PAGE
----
The National Labor College is selling its 47-acre Silver Spring campus, and Georgetown University and Montgomery College have stepped forward as potential buyers.
Begun as the George Meany Center for Labor Studies, the college is devoted to the education of union members. But with union membership dwindling, the college is no longer able to keep up with the costs of maintaining the property and debt payments remaining from previous construction projects.
To address its budget issues, the college decided to sell its campus, located on New Hampshire Avenue adjacent to the Capital Beltway, and although real estate developers have toured the property, the two schools have emerged as the most likely purchasers.
Georgetown would use the campus for varsity sports and possible meeting space and is looking to create a partnership with the county to purchase the property. The team’s sports programs currently compete at nine sites in the region, with the baseball team’s home games in Cabin John. Separately, the university has begun exploring where to acquire another 100 acres for an expansion in the District.
“We’re very interested in that site for possible athletic fields and maybe conference space,” university spokeswoman Stacy Kerr said.
Montgomery College enrolls roughly 60,000 students in credit and non-credit community college programs annually and has campuses in Germantown, Rockville and Takoma Park. It continues to grow, and has opened a math and science center at its Rockville campus in 2011.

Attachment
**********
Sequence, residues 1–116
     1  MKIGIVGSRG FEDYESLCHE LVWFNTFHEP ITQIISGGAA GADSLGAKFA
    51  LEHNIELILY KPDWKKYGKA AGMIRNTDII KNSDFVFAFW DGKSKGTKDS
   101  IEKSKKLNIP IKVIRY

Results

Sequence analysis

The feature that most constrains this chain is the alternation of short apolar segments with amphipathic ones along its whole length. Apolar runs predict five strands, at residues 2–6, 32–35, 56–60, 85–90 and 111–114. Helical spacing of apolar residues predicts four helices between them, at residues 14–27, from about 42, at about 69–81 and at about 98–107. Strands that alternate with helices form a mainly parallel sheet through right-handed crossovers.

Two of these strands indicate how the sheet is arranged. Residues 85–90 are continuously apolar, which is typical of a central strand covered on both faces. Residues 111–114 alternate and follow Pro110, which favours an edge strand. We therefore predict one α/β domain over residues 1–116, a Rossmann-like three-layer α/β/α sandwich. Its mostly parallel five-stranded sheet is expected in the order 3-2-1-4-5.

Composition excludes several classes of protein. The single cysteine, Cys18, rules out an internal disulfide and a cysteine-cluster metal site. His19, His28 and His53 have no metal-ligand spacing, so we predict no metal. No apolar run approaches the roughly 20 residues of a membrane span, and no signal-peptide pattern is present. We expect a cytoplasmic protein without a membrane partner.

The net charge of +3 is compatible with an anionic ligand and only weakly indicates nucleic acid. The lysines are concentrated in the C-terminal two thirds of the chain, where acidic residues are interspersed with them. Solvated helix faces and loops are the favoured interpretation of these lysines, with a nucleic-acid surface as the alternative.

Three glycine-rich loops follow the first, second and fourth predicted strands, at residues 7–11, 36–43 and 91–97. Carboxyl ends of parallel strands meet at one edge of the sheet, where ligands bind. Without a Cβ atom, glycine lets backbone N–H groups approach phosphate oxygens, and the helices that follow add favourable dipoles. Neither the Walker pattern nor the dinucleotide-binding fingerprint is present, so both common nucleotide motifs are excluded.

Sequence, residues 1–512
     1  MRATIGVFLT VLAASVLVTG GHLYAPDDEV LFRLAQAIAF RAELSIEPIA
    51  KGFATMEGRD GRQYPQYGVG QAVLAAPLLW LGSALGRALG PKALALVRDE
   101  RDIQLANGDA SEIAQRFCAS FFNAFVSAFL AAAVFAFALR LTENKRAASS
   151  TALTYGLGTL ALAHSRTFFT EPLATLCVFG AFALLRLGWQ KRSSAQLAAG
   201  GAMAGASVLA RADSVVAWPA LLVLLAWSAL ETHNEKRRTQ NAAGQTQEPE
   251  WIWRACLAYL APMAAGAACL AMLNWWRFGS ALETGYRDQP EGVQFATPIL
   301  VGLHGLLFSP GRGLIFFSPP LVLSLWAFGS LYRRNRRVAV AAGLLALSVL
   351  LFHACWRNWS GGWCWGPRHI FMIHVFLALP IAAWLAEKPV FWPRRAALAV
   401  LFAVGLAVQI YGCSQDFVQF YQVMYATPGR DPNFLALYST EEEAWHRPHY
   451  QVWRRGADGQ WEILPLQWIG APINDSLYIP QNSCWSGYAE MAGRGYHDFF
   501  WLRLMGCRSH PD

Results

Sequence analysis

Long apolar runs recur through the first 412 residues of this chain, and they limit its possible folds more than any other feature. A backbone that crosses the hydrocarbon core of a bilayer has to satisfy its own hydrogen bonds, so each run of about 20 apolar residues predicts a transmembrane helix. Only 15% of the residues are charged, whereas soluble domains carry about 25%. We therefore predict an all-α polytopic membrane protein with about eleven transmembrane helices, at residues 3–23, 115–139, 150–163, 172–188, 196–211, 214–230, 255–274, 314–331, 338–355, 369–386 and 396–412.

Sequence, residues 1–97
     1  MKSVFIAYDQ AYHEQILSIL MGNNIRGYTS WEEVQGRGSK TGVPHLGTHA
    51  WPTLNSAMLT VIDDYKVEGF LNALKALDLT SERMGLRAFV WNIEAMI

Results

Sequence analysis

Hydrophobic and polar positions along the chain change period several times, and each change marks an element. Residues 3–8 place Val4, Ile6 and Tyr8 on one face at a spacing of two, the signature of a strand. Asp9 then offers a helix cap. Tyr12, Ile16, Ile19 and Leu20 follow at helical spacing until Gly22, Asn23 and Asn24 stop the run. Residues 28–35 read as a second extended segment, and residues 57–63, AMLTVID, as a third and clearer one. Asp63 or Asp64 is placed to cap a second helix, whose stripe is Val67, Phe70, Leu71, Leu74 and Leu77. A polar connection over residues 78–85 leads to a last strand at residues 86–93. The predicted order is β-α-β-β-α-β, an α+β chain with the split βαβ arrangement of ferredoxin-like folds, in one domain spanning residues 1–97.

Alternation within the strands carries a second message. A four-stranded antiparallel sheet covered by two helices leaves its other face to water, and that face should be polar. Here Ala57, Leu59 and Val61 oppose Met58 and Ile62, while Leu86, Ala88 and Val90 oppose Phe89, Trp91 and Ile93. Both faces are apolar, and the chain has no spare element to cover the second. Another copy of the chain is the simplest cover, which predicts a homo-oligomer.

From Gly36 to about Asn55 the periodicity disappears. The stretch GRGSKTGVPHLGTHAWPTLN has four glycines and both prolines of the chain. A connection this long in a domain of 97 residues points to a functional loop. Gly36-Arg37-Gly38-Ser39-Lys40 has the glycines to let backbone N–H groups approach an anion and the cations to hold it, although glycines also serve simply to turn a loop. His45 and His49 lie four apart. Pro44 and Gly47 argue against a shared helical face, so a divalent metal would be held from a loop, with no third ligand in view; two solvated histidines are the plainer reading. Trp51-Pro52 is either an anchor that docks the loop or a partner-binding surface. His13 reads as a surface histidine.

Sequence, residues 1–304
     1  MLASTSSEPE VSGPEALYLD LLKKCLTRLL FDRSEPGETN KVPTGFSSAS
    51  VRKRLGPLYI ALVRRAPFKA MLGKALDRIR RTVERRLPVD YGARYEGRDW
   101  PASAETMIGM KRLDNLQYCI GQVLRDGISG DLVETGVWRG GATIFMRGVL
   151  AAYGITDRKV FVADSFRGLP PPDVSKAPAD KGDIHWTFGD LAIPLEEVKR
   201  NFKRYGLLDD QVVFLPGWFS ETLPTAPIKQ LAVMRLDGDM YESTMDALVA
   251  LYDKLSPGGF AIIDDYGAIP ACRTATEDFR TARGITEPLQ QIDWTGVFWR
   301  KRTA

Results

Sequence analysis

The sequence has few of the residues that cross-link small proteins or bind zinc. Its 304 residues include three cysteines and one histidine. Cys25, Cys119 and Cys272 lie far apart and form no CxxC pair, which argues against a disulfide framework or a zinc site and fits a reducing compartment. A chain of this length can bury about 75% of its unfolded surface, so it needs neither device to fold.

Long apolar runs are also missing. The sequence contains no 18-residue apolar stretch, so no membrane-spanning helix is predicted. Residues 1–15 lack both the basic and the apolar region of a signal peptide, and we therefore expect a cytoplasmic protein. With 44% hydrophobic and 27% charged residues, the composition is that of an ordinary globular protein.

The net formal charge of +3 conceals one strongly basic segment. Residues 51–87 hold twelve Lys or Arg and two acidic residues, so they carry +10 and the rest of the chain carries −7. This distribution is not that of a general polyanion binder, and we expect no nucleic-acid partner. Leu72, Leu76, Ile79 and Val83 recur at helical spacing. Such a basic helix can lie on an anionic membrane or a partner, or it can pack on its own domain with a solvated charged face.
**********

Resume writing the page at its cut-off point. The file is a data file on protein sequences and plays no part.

Elizabeth Homan, spokeswoman for the college, cautioned that the school has not submitted a formal bid. “We have toured the site, but no decisions have been made and there hasn’t been any offer,” she said.
But Homan said that as more high school graduates turn to community colleges they are looking for the experience of campus life at a four-year school, and that requires more space.
“They’re not just coming to Montgomery College, taking their classes and leaving,” she said. “They want the full, rich campus experience, with student life, with places to be, and places to study, and places to learn.”
Montgomery County Council member Valerie Ervin, a former dean at the labor college, said she encouraged Montgomery College President DeRionne P. Pollard to tour the property this summer. “It was the first time she’d seen it, and she fell in love with it,” Ervin said.
Multiple sources with knowledge of the sales process said that developer Macerich, based in Santa Monica, Calif., had considered a bid for the property and discussed the possibility of building a shopping center on the site with county officials. A Macerich spokeswoman said the deal was not something the company was pursuing.
Despite ample green space and only having nine buildings, the campus carries some complications for commercial development. For one, the Labor College is still operating on the campus, with 506 students enrolled this fall, and plans to continue operating.
After the campus sells, James Gentile, general counsel for the National Labor College, said the school would remain open, either on the campus as a tenant or elsewhere. “We are in discussions with potential purchasers now and one of the possibilities with some of the purchasers is that the college could remain to operate on the campus,” he said.
Ervin said that she would like to see the property remain as an educational campus and was happy to consider the possibility of the county partnering with one or both of the schools to accomplish that. “I think there are a lot of conversations right now about how to make a deal like that work,” she said.